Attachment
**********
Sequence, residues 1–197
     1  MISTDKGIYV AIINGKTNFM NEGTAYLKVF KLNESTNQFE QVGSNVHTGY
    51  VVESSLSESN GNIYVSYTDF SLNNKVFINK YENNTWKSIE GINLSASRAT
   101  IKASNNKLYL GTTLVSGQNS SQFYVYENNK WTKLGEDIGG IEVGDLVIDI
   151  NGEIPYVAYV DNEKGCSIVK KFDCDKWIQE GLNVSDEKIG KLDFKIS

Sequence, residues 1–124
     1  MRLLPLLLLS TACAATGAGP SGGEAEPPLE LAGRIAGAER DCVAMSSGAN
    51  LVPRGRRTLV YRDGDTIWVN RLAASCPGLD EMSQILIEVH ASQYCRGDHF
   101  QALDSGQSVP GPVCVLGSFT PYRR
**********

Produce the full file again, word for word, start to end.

Sequence, residues 1–197
     1  MISTDKGIYV AIINGKTNFM NEGTAYLKVF KLNESTNQFE QVGSNVHTGY
    51  VVESSLSESN GNIYVSYTDF SLNNKVFINK YENNTWKSIE GINLSASRAT
   101  IKASNNKLYL GTTLVSGQNS SQFYVYENNK WTKLGEDIGG IEVGDLVIDI
   151  NGEIPYVAYV DNEKGCSIVK KFDCDKWIQE GLNVSDEKIG KLDFKIS

Sequence, residues 1–124
     1  MRLLPLLLLS TACAATGAGP SGGEAEPPLE LAGRIAGAER DCVAMSSGAN
    51  LVPRGRRTLV YRDGDTIWVN RLAASCPGLD EMSQILIEVH ASQYCRGDHF
   101  QALDSGQSVP GPVCVLGSFT PYRR